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Despite hard-fought progress in recent years, new data from the Centers for Disease Control and Prevention show that drug overdose deaths in the U.S. are now at their highest level ever, soaring to more than 81,000 in the 12-month period between June 2019 and June 2020. At the same time, unprecedented challenges during the Covid-19 pandemic have illuminated existing weaknesses in our health care infrastructure when it comes to preventing and treating addiction.

While past presidents and members of Congress have enacted a series of bipartisan bills with important provisions that contributed to a temporary national dip in the overdose death rate, policymakers must now take action to address the remaining structural and financial roadblocks that hinder widespread addiction education and training, access to lifesaving medications, and health insurance coverage for evidence-based addiction care.

Strengthen the medical workforce to treat addiction and save lives

One of the biggest barriers to accessing evidence-based addiction treatment in the U.S. is a widespread lack of education and training in addiction medicine. Too few clinicians know how to identify and treat patients with addiction. Only 1 in 4 health care professionals receive training about addiction during medical education, according to a recent survey by Shatterproof, which also shows that a shocking number of physicians believe — incorrectly — that opioid use disorder cannot be treated at all.


There is also a nationwide shortage of clinicians who specialize in addiction medicine. The Office of National Drug Control Policy says that only about 5,000 medical doctors have addiction medicine or addiction psychiatry credentials.

With more than 20 million Americans living with substance use disorder (SUD), and an overdose epidemic exploding to record levels, much more must be done train clinicians in addiction medicine and give them incentives to practice it.


One good starting point is immediately enacting legislation to ensure that clinicians who prescribe controlled medications of any kind — not just those for addiction — receive baseline education about treating patients with SUD through health care professional schools, residency programs, or continuing education.

Another would be expanding federal programs such as the Loan Repayment Program for SUD Treatment Workforce authorized under the SUPPORT Act, the Mental Health and Substance Use Disorder Workforce Training Demonstration program, and the Practitioner Education program. These programs would bolster the medical workforce and provide the nation with an enormous return on its investment.

Remove frustrating barriers to evidence-based addiction treatment

In addition to training frontline medical workers, the nation must build its capacity and its willingness to deliver evidence-based addiction care. While therapies must be individualized to each patient’s unique needs, treatment practices should be consistent with generally accepted standards of care. The current lack of standardization in addiction treatment, on the one hand, and in health insurance coverage for it, on the other, has made it incredibly difficult for policymakers, payers, patients, and families to identify addiction treatment backed by science and evidence.

High-quality addiction care is driven by thorough assessment of an individual’s medical, psychiatric, social, and addiction factors. This assessment then leads to a patient-specific treatment plan that delineates a sufficient intensity and duration of care to produce the best possible outcome. Addiction care should be measured in months or years, not in days or weeks.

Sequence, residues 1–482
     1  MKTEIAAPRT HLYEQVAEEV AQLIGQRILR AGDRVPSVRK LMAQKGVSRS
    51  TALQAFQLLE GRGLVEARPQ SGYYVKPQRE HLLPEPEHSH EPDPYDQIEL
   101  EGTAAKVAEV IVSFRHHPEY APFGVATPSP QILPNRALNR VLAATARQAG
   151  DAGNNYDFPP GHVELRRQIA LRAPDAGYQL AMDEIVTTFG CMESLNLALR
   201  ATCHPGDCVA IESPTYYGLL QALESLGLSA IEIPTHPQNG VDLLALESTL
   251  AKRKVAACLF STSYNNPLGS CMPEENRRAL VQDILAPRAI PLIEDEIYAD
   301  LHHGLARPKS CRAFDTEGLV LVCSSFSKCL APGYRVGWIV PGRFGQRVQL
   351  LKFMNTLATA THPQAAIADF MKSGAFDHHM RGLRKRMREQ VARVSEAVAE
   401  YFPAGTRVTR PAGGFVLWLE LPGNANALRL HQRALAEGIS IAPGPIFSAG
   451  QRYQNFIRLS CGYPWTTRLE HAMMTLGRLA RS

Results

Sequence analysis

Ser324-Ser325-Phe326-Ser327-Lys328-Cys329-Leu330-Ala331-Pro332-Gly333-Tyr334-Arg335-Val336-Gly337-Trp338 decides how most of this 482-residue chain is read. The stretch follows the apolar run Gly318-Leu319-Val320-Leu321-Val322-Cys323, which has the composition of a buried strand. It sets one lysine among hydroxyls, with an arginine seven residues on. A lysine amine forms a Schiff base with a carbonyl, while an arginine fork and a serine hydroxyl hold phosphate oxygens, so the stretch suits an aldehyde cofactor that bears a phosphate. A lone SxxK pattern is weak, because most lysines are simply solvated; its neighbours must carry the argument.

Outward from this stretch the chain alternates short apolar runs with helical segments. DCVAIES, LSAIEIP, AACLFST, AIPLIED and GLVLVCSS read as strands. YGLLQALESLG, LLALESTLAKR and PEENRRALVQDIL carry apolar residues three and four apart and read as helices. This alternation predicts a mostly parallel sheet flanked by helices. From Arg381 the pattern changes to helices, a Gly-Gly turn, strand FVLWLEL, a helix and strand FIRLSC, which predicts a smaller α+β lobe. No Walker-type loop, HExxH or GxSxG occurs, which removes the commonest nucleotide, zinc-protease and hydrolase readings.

Yet even where high-quality addiction treatment services that are consistent with nationally recognized standards of care and clinical practice, such as the ASAM Criteria, are available, third-party payer policies that limit coverage or payments can prevent patients from accessing those services.

Narrow networks, onerous utilization management policies, limitations on Medicaid coverage for incarcerated individuals, and high cost-sharing requirements are just some of the hurdles that Americans face when attempting to access addiction treatment. Reforming current payment policies and ensuring mental health and addiction parity would dramatically expand access to life-saving treatments.

Finally, it is still too difficult for people with opioid use disorder to find clinicians and treatment programs providing FDA-approved medications for their disorder due to stigma and overregulation. Medications including buprenorphine, methadone, and intramuscular naltrexone should be available to all patients, no matter where they seek treatment. To accomplish that, laws and regulations that impose unnecessary restrictions on these medicines must be reformed, including eliminating buprenorphine-specific training requirements and patient limits. Otherwise, future federal investments will continue to be limited in their ability to save lives.

Moving forward

As Congress works with the Biden administration to address Covid-19, prioritizing the U.S.’s national response to the other ongoing epidemic of drug overdoses will be essential. This will require strengthening the medical workforce to prevent and treat addiction and removing the barriers Americans face every day when trying to access evidence-based addiction care.

Only if we are willing to take these actions will we begin to stem the tide of overdose deaths that have cut short so many promising lives and devastated a nation.

Paul H. Earley is an addiction medicine physician who specializes in the assessment and treatment of health care professionals, and currently serves as president of the American Society of Addiction Medicine.